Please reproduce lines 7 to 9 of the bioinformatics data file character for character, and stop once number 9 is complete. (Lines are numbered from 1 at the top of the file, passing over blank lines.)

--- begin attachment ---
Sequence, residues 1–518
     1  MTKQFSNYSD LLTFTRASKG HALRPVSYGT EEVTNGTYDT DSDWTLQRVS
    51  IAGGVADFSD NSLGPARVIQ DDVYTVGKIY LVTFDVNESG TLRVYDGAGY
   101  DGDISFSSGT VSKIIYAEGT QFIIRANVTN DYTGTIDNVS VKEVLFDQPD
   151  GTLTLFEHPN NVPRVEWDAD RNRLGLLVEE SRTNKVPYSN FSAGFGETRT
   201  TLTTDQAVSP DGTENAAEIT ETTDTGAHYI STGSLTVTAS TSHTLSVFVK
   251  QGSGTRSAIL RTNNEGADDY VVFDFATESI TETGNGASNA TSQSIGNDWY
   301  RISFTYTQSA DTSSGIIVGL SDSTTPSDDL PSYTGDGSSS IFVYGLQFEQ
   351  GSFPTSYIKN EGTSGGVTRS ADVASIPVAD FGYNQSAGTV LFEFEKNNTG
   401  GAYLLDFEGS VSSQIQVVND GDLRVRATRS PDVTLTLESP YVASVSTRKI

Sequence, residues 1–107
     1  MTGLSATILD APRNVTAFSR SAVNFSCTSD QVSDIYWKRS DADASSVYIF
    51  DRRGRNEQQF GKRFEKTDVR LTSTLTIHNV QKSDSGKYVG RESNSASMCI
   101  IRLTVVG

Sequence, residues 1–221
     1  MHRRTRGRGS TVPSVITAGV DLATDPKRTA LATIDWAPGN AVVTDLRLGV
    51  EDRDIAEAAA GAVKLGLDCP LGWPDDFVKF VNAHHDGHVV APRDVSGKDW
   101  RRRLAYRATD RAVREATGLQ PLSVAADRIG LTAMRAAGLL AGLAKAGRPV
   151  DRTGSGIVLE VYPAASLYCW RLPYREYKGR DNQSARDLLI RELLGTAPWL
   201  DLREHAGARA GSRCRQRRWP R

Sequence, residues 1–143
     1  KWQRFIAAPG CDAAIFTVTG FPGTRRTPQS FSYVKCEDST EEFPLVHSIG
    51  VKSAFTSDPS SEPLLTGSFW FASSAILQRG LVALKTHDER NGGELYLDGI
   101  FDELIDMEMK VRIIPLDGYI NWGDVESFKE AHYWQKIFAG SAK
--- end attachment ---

   251  QGSGTRSAIL RTNNEGADDY VVFDFATESI TETGNGASNA TSQSIGNDWY
   301  RISFTYTQSA DTSSGIIVGL SDSTTPSDDL PSYTGDGSSS IFVYGLQFEQ
   351  GSFPTSYIKN EGTSGGVTRS ADVASIPVAD FGYNQSAGTV LFEFEKNNTG